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Melatonin attenuates antipsychotic metabolic effects: an eight-week randomized, double-blind, parallel-group, placebo-controlled clinical trial

Authors

  • Francisco Romo-Nava,

    1. Departamento de Psiquiatría y Salud Mental, Facultad de Medicina, UNAM, Mexico City, DF, Mexico
    2. Clínica de Trastornos Afectivos, Instituto Nacional de Psiquiatría “Dr. Ramón de la Fuente”, Mexico City, DF, Mexico
    3. Hypothalamic Integration Mechanisms Laboratory, Departmento de Biologia Celular y Fisiologia, Instituto de Investigaciones Biomédicas, UNAM, Mexico City, DF, Mexico
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  • Dení Alvarez-Icaza González,

    1. Clínica de Trastornos Afectivos, Instituto Nacional de Psiquiatría “Dr. Ramón de la Fuente”, Mexico City, DF, Mexico
    2. Subdirección de Investigaciones Clínicas, Instituto Nacional de Psiquiatría “Dr. Ramón de la Fuente”, Mexico City, DF, Mexico
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  • Ana Fresán-Orellana,

    1. Subdirección de Investigaciones Clínicas, Instituto Nacional de Psiquiatría “Dr. Ramón de la Fuente”, Mexico City, DF, Mexico
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  • Ricardo Saracco Alvarez,

    1. Clínica de Esquizofrenia, Instituto Nacional de Psiquiatría “Dr. Ramón de la Fuente”, Mexico City, DF, Mexico
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  • Claudia Becerra-Palars,

    1. Clínica de Trastornos Afectivos, Instituto Nacional de Psiquiatría “Dr. Ramón de la Fuente”, Mexico City, DF, Mexico
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  • Julia Moreno,

    1. Subdirección de Investigaciones Clínicas, Instituto Nacional de Psiquiatría “Dr. Ramón de la Fuente”, Mexico City, DF, Mexico
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  • Martha P Ontiveros Uribe,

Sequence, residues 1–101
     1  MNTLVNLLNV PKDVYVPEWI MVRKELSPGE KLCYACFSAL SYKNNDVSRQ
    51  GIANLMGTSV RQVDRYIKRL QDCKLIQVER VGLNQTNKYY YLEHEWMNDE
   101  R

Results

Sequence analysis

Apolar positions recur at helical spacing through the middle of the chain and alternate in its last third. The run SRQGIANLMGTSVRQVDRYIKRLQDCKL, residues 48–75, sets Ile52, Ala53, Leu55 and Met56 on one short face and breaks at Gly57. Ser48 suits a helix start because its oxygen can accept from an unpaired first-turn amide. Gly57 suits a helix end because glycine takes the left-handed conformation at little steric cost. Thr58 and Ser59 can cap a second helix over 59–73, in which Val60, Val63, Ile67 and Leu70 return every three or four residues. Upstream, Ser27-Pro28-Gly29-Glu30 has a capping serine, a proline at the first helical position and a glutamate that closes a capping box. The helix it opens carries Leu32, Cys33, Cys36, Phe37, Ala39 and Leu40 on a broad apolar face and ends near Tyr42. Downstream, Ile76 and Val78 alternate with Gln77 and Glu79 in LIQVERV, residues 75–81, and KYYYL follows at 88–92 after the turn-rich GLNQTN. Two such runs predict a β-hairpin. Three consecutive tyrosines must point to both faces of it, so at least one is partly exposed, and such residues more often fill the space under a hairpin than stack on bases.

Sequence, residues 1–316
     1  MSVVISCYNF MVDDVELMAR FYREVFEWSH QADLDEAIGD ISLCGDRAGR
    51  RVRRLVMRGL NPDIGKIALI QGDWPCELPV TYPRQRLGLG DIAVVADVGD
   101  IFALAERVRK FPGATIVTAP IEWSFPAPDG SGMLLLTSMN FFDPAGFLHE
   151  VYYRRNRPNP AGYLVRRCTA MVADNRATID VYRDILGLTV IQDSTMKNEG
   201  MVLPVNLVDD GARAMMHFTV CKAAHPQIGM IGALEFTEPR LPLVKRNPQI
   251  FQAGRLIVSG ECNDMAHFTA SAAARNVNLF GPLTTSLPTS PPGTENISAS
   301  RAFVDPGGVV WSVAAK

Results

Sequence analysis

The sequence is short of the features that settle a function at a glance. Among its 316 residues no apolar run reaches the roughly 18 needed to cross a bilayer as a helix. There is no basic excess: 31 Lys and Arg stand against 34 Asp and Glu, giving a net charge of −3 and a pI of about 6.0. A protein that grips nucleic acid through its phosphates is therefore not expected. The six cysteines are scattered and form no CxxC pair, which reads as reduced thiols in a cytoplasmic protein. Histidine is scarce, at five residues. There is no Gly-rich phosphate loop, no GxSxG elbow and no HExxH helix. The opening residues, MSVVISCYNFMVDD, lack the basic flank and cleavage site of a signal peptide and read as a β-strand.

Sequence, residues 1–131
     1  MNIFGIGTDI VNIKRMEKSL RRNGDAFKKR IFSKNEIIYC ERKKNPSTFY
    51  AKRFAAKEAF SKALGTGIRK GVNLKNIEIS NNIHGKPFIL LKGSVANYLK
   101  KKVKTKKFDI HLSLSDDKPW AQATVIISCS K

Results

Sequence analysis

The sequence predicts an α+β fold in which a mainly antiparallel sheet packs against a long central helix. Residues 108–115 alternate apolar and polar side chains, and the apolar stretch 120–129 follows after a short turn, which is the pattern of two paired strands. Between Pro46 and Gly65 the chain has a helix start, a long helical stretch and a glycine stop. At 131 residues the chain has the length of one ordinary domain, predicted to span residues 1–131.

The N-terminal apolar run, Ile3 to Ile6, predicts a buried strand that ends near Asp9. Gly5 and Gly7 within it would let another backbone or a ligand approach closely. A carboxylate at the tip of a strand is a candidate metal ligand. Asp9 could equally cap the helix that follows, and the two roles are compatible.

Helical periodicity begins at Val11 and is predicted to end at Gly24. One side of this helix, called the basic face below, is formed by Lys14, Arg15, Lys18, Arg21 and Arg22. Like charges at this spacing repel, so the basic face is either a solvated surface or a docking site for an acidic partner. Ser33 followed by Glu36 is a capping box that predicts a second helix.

1. Subdirección de Servicios Clínicos, Instituto Nacional de Psiquiatría “Dr. Ramón de la Fuente”, Mexico City, DF, Mexico
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  • Carlos Berlanga,

    1. Subdirección de Investigaciones Clínicas, Instituto Nacional de Psiquiatría “Dr. Ramón de la Fuente”, Mexico City, DF, Mexico
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  • Gerhard Heinze,

    1. Departamento de Psiquiatría y Salud Mental, Facultad de Medicina, UNAM, Mexico City, DF, Mexico
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  • Ruud M Buijs

    Corresponding author
    1. Hypothalamic Integration Mechanisms Laboratory, Departmento de Biologia Celular y Fisiologia, Instituto de Investigaciones Biomédicas, UNAM, Mexico City, DF, Mexico
    • Corresponding author:

      Ruud M. Buijs, Ph.D.

      Hypothalamic Integration Mechanisms Laboratory

      Department de Biologia Celular y Fisiologia

      Instituto de Investigaciones Biomédicas

      Ciudad Universitaria

      Universidad Nacional Autónoma de México

      Sede del Tercer Circuito Exterior

      Edificio “B”, 2° Piso

      Mexico City 04510

      Mexico

      Fax: 52 55 56228958

      E-mail: ruudbuijs@gmail.com

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  • ClinicalTrials.gov Identifier: NCT01811160.

Abstract

Objective

Second-generation antipsychotics (SGAs) are among the first-line treatments for bipolar disorder and schizophrenia, but have a tendency to generate metabolic disturbances. These features resemble a metabolic syndrome for which a central autonomic imbalance has been proposed that may originate from the hypothalamic suprachiasmatic nuclei. In a clinical trial, we hypothesized that melatonin, a hormone that regulates the suprachiasmatic nucleus, could attenuate SGA-induced adverse metabolic effects.

Methods

In an eight-week, double-blind, randomized, placebo-controlled, parallel-group clinical trial, we evaluated the metabolic effect of melatonin in SGA-treated patients in terms of weight, blood pressure, lipid, glucose, body composition, and anthropometric measures. A total of 44 patients treated with SGAs, 20 with bipolar disorder and 24 with schizophrenia, randomly received placebo (n = 24) or melatonin 5 mg (n = 20).

Results

The melatonin group showed a decrease in diastolic blood pressure (5.1 versus 1.1 mmHg for placebo, p = 0.003) and attenuated weight gain (1.5 versus 2.2 kg for placebo, F = 4.512, p = 0.040) compared to the placebo group. The strong beneficial metabolic effects of melatonin in comparison to placebo on fat mass (0.2 versus 2.7 kg, respectively, p = 0.032) and diastolic blood pressure (5.7 versus 5.5 mmHg, respectively, p = 0.001) were observed in the bipolar disorder and not in the schizophrenia group. No adverse events were reported.

Conclusions

Our results show that melatonin is effective in attenuating SGAs' adverse metabolic effects, particularly in bipolar disorder. The clinical findings allow us to propose that SGAs may disturb a centrally mediated metabolic balance that causes adverse metabolic effects and that nightly administration of melatonin helps to restore. Melatonin could become a safe and cost-effective therapeutic option to attenuate or prevent SGA metabolic effects.

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